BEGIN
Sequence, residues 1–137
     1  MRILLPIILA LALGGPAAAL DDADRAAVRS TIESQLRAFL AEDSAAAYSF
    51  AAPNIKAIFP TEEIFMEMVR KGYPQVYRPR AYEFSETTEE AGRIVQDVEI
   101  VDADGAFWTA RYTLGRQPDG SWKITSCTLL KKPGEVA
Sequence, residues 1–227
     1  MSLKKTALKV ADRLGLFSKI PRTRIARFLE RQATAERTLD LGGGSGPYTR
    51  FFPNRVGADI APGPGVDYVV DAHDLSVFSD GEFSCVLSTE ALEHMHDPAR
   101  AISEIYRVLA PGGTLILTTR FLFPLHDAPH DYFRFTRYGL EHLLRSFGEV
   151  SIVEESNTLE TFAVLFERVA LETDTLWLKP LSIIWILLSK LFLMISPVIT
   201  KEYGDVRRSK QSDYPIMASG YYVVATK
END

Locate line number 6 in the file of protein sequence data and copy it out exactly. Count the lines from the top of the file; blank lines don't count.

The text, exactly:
     1  MSLKKTALKV ADRLGLFSKI PRTRIARFLE RQATAERTLD LGGGSGPYTR